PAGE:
8 August 2016

Compare the ways in which Wilfred Owen and Robert Frost present suffering in ‘Disabled’ and ‘Out, out-‘ Wilfred Owen was a Soldier Poet who spent time in several military hospitals after being diagnosed with neurasthenia, in some ways he can relate to the poem ‘disabled’ as he too was injured during war and later died in action. Robert Frost was born in San Francisco, and his poem also was based mainly on a true story from when he worked in a flour mill.

Both poets can relate to the poems they have written and it shows in the way they write about suffering, for only someone who has seen or been through suffering can truly appreciate the meaning of it. He tone the poet uses in ‘Disabled’ is quite bitter and regretful; he shows this by using the past to show a certain sadness and pain he is going through. The quotation ‘About this time Town used to swing so gay’ suggests that it doesn’t anymore. Whereas in ‘Out, out-‘the tone used is quite calming and eerie at the beginning.

Poetry Essay Example

For example, the line ‘Under the sunset far into Vermont’ lulling the reader into a false sense of security. This suddenly changes to a tone of panic in the line ‘Don’t let him, sister! ’ Therefore the suffering here is shown to be unexpected. Frost shows that suffering is something to be afraid of in ’Out, out-‘as the boy cries ‘don’t let him cut my hand off’. The panic shown by the boy owing to the thought of losing a limb indicates that he is afraid of losing his hand, due to the suffering the loss of a limb will bring to him in the future.

This is shown in ‘Disabled’ as Owen shows the effect that a loss of limb can have on both physical and mental suffering. Owen’s view of suffering can contrast with Frosts portrayal of it. In disabled it would seem that although suffering is something to be feared, the narrator has learned to live alongside it- despite how hard it is. In the line ‘ Now, he will spend a few sick years in Institutes’ Owen suggests that his disability, and the effects it will have on his life are something he has come to terms with and now lives alongside suffering without protest, realising his destiny.

The zoomorphism of the buzz saw in ‘Out, out-‘ ,shown in the line ‘ the buzz saw snarled and rattled in the yard’ is the poet wanting to blame something other than the boy for the cause of the suffering. This would suggest that no one wants the blame for suffering thereby showing that suffering is bad and to be avoided. By contrast, Owen does not use much personification. This could indicate that the poet believes suffering can be blamed on just one person. In this case

it was entirely the fault of his egotistical younger self trying to win the attention of ‘his Meg’. However, even though we know that he is to blame for his suffering, we also sympathise with him as the narrator himself realises and regrets his careless decisions. Frosts portrayal of suffering, however harsh, is a common occurrence- he shows this in the attitude of the relatives. He does this by showing the callous reactions of the friends and family present at the boy’s death in the line ‘and they, since they were not the one dead, turned to their affairs.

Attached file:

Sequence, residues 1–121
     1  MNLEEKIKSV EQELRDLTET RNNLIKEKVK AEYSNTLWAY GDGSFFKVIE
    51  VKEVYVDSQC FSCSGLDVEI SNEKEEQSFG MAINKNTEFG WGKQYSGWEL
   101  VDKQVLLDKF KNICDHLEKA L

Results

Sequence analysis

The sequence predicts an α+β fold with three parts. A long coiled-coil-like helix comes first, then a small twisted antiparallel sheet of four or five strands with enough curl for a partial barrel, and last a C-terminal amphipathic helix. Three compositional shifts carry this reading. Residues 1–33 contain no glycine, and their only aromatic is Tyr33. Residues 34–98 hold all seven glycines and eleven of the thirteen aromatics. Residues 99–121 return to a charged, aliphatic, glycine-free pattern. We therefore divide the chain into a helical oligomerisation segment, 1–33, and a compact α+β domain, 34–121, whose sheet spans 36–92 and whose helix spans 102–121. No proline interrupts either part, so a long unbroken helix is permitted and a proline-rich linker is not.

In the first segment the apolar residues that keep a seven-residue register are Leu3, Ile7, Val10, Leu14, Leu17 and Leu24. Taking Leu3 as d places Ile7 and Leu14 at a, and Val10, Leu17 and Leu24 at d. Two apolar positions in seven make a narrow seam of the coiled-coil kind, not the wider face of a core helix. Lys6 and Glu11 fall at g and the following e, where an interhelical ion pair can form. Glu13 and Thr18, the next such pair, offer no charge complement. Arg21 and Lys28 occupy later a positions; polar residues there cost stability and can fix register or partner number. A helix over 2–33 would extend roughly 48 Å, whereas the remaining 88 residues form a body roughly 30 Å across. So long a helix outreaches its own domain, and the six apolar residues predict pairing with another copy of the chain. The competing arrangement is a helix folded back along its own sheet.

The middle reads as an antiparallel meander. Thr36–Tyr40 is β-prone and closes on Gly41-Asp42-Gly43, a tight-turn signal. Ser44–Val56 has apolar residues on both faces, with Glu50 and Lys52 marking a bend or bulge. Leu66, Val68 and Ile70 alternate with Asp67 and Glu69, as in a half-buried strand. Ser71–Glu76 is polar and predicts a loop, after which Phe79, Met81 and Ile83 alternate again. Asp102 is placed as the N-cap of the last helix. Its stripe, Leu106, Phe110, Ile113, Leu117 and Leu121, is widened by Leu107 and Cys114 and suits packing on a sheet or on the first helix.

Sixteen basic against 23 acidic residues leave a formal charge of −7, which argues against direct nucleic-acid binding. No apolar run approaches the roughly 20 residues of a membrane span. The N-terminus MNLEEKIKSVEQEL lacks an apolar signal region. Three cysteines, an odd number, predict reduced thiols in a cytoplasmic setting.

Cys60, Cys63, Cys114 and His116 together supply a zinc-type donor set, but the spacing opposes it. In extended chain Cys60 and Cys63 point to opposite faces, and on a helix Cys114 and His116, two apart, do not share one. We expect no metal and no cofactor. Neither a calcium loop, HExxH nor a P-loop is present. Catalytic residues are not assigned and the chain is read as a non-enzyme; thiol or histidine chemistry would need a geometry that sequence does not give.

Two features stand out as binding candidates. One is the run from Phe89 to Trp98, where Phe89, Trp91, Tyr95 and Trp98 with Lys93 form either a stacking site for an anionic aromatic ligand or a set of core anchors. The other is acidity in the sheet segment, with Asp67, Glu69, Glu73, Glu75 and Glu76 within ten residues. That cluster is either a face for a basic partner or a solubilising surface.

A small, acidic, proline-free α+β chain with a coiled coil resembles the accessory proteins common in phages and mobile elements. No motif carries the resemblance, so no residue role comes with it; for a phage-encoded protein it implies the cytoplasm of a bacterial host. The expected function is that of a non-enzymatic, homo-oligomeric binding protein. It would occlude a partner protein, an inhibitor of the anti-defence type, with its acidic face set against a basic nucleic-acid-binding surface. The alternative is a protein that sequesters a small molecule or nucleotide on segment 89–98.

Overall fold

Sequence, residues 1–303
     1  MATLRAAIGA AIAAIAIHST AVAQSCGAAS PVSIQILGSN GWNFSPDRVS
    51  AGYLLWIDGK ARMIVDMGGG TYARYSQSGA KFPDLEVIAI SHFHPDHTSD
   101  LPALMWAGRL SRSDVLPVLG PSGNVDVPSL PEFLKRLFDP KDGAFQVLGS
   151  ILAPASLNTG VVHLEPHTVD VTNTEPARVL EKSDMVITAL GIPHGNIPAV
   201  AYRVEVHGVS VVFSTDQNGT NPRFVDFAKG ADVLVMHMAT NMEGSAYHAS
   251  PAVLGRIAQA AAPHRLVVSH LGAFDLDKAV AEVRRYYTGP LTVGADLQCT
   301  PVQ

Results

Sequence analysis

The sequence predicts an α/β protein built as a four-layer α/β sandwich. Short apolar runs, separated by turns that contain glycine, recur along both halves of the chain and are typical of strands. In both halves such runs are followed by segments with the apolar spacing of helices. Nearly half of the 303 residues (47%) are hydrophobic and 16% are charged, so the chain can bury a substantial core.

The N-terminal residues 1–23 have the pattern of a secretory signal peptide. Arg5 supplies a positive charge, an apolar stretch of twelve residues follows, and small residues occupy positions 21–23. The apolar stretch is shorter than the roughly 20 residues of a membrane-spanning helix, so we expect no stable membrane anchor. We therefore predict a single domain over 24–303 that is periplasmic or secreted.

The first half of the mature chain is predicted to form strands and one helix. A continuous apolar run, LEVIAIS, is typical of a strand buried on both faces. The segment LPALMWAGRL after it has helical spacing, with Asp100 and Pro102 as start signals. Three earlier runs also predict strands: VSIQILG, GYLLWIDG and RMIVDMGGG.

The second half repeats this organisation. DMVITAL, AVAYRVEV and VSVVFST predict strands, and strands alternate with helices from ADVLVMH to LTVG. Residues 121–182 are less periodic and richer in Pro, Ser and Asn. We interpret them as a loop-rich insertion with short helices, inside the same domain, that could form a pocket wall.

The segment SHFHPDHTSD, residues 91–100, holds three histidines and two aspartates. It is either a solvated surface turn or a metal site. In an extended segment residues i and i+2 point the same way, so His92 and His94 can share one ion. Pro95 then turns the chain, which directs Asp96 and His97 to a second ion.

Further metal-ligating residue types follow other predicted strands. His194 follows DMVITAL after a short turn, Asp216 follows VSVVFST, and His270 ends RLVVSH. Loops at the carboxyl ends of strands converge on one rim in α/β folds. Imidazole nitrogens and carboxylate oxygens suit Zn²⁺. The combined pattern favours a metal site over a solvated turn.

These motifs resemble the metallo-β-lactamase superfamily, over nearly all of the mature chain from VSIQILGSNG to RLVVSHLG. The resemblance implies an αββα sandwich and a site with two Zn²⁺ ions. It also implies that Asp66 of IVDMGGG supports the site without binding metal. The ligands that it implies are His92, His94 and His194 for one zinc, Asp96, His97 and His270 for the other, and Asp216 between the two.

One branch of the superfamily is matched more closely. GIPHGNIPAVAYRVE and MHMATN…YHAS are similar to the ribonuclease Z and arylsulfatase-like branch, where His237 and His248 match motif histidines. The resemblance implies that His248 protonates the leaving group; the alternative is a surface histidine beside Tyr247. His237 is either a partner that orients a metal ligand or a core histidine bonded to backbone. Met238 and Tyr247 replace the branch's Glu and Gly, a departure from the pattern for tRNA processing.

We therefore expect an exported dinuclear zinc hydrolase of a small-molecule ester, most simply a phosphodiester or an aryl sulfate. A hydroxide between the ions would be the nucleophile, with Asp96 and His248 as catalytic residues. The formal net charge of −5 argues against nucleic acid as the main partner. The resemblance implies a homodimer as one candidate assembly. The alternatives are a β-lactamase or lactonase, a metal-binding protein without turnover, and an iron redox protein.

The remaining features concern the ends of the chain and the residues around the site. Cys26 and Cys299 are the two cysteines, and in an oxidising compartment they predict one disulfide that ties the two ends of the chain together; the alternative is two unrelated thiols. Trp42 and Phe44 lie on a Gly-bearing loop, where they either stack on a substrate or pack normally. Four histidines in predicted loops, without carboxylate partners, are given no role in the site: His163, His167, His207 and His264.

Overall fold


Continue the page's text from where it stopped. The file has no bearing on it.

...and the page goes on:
’ The fact they return so quickly to their ‘affairs’ without a period of mourning indicates that they are desensitised to such pain and suffering owing to a long exposure of it, meaning it is a common occurrence. Owen focuses more on the narrators view of suffering; by doing this the narrator appears quite self-centred in the way he only talks of his suffering and not the thousands of other killed and wounded from the war, but how he is feeling sorry for himself.

The carefree attitude of the narrator when talking about his past self in ‘Disabled’ as shown in the line ‘smiling they wrote his lie’ shows that suffering can only truly be feared once you have experienced it. This is because despite the fact that he is marching to war and death, he is cheerful and not thinking of the possibility of getting wounded, because suffering is not yet something he has learnt to fear. And also the good points he has given himself for going to war, such as the ‘ jewelled hilts for daggers’ has overweighed and almost numbed him against the idea of suffering.

The representation of the disabled man in past, present and future presents suffering as something that changes your life entirely. The man represented before the war as a carefree young man who dreamed of ‘jewelled hilts for daggers’, but after the war and suffering he has given up and is simply waiting for death to take him- there is nothing left to live for in his eyes. This means suffering is something that both ages you and changes your outlook on life.

For even though it is only a year since he joined the army ‘Now, he is old’. However, in ‘Out, out-‘, there is only the present because there is no future for the boy as he is dead, so we cannot make a comparison here. The poet Owen uses suffering to come across as a life draining force. This is represented in the lines ‘ghastly suit of grey’ and ‘he’s lost his colour very far from here, poured it down shell-holes till the veins ran dry’.

This loss of colour is a metaphor for the life and vigour lost owing to his suffering. This is emphasised by the line ‘And leap of purple spurted from his thigh. ’, contrasting the vivid colour of his youth that drained away so that all that is left is his blank ‘grey’ colouring now. Overall, in both ‘Disabled’ and ‘Out, out-‘suffering is portrayed as one of the harsh truths of life-that you can either let it consume you and take over your life, like the narrator in ‘Disabled’ or you can move on from it like the friends and family did in ‘Out, out-‘.

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